Schipperke is a small breed of dog that originates from Belgium. Although the Schipperke looks like a miniature Great Dane, it is actually closer in relation to the Spitz family. Schipperkes (that is what Schipperke owners often refer to themselves as) are very devoted and affectionate towards their family; they make excellent watchdogs. Schipperkes are really children in dog’s clothing; Schipperkes are unstoppable when it comes to the love of small ones. They tend to be somewhat reserved with strangers, but will not hesitate to defend their home and family if necessary. Schipperke breed is also known for being one of the most intelligent breeds around – which makes training Schipher puppies or adults easy enough under usual circumstances.
As stated earlier, Schipperkes are fearless watchdogs – although Schippers do bark at normal occurrences such as doorbell ringings or noises, they will generally not go out of control. Schipperkes are people dogs – they do not enjoy being left on their own for a long time and will often show displeasure by doing something undesirable such as chewing furniture, soiling the house, or barking. Schipperke’s devoted nature makes Schipperke training relatively easy – Schippers respond well to both positive and negative reinforcement. Schipperkes have a tendency to become willful if Schipperke’s training does not include early socialization with other animals and children, but Schipperkess’ willfulness can be curbed through proper Schipperke socializing sessions in puppyhood.
Schipperke Health & Care
Like many small breeds, Schipperkes are prone to hip dysplasia, patellar luxation, Schipperke cataracts, Schipperke epilepsy, and Schipperke allergies. Schipperkes are also very sensitive to barbiturate anesthetics. This breed is also known for being double-coated – this means that Schipperke has a soft undercoat as well as a rough outer coat that sheds out twice in the year. Schipperke grooming sessions are usually time-consuming but not difficult since Schippers tend to shed minimally compared to other small breeds. Schipperkes should be fed with high-quality dog food; Schipperkes cannot eat some dog foods due to their health conditions (e.g., Schipedin contains Phenylalanine which can trigger canine epilepsy). Also, Schipperke puppies should not be exercised too much during Schipperke’s growth as it can lead to joint problems in the future.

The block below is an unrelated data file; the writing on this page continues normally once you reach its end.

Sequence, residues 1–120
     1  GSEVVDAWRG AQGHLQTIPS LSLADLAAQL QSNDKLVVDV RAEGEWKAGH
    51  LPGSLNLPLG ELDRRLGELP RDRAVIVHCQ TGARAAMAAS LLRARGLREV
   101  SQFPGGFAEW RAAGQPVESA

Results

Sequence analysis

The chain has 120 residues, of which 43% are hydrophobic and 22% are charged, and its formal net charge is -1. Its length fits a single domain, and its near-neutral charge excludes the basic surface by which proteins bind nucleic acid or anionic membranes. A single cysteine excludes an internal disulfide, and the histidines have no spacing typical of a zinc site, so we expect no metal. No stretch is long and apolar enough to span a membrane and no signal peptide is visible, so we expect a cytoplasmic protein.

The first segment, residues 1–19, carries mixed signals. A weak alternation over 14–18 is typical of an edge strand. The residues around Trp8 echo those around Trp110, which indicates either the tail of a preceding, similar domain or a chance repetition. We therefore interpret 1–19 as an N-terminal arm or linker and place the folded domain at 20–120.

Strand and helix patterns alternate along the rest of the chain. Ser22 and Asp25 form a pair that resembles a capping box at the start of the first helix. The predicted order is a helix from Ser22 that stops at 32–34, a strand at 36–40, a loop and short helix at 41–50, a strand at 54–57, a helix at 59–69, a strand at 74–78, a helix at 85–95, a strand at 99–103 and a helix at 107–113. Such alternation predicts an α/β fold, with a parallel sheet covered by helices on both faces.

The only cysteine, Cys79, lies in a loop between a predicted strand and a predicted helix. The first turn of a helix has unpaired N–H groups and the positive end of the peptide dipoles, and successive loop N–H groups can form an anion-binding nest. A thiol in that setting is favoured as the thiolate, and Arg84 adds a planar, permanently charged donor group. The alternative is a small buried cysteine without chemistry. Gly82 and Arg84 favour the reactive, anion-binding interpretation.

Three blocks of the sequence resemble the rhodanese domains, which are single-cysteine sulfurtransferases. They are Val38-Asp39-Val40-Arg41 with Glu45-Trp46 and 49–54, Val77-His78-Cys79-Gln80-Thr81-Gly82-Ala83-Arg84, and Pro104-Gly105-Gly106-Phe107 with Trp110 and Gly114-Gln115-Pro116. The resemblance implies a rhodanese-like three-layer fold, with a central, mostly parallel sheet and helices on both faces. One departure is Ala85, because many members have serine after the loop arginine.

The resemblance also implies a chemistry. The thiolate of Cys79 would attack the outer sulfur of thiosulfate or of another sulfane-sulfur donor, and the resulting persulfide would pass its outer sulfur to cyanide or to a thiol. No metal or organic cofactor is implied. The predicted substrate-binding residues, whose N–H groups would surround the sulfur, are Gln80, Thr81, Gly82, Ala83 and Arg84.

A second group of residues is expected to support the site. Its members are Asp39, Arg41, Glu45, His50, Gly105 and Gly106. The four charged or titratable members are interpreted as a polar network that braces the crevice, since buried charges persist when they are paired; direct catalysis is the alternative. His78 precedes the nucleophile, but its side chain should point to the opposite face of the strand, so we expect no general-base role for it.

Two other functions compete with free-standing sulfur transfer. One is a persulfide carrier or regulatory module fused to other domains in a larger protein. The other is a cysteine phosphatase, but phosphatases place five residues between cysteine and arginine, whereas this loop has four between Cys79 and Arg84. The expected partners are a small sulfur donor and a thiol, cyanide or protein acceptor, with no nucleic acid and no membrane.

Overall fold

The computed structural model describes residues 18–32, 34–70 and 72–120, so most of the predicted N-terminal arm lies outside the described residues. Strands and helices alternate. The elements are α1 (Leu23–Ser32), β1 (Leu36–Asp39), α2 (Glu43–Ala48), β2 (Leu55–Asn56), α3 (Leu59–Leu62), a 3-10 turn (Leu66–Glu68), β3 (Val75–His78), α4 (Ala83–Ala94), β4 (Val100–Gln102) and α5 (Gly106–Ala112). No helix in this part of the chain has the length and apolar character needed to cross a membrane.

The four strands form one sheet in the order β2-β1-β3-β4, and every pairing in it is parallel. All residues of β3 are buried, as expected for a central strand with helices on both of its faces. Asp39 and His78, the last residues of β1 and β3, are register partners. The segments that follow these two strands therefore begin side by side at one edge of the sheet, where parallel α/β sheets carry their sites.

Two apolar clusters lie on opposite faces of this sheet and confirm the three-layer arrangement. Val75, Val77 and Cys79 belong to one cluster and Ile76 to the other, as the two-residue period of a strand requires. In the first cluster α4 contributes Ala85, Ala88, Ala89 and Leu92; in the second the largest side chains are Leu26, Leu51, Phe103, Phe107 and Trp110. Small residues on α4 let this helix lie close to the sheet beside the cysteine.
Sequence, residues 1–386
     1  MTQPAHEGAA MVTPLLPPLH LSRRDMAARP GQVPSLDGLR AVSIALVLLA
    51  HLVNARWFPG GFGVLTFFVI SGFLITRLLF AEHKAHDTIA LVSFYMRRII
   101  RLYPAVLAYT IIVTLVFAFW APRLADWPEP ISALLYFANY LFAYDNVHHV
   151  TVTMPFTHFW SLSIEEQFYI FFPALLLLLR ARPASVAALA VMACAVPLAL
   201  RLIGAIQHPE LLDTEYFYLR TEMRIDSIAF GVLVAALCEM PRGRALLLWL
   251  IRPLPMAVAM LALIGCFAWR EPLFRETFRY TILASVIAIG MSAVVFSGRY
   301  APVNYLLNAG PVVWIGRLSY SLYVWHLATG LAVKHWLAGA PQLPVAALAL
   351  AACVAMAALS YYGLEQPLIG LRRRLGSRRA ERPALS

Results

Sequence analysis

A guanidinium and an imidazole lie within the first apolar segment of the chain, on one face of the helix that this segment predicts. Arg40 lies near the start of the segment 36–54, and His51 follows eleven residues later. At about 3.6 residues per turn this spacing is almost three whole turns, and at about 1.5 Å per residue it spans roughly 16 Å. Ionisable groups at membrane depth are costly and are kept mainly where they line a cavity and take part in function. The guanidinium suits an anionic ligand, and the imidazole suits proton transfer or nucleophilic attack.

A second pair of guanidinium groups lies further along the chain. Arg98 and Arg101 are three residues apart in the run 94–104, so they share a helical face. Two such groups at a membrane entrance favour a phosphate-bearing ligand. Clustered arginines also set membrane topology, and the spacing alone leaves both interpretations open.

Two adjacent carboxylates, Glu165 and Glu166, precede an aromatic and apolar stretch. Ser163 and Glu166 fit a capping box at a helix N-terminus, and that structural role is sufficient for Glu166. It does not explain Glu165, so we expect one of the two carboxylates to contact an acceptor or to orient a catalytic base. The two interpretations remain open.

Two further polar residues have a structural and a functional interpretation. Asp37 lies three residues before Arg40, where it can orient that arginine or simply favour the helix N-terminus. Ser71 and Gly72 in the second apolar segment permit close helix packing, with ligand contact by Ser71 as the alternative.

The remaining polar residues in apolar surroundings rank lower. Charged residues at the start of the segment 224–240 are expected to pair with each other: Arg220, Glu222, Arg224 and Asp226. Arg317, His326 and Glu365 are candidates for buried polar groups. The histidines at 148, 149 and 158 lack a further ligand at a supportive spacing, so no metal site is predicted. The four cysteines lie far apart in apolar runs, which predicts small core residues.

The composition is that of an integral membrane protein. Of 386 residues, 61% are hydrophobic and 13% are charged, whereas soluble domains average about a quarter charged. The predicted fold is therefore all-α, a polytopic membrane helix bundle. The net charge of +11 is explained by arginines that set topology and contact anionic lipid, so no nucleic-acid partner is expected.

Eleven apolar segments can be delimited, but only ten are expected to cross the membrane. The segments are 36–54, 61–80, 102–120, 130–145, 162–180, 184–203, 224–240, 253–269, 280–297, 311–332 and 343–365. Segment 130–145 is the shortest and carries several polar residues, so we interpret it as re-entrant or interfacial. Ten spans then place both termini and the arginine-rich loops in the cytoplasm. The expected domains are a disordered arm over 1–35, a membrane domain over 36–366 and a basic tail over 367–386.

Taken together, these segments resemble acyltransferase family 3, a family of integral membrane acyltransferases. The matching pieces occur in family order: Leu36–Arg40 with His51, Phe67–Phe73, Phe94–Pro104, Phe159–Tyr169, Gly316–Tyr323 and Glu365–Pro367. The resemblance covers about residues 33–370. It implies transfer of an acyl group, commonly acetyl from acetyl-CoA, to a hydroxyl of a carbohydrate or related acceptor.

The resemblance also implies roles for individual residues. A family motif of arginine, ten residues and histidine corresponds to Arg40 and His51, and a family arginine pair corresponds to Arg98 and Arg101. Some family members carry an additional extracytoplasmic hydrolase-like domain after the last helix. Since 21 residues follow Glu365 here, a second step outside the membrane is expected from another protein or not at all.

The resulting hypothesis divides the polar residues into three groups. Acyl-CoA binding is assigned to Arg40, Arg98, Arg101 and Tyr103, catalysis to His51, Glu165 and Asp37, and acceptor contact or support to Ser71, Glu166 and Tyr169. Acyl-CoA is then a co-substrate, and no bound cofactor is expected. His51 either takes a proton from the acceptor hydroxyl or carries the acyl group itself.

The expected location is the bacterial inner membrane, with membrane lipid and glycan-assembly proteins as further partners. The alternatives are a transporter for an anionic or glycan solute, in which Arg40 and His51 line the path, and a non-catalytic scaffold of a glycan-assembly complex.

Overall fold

Schipperkes are one of the easiest breeds to Schipperke train; They learn commands quickly and Schipperke responds well to training with positive reinforcement (praise and food rewards).
Schipperkes excel in obedience training. Schipperkes are one of the smartest breeds of dogs. Schipperkes respond well to positive reinforcement through food rewards and verbal praise, but Schipperke training must include early socialization with other animals and children if Schipperkes are to become well-adjusted adults. Schipperkes should not be trained using harsh methods – this will only make them willful and difficult to train. Schipperke training is a relatively easy process as long as both the Schipperke and the trainer are patient and loving.
Thank you for reading! I hope this article provides you with some basic information about Schipperkes.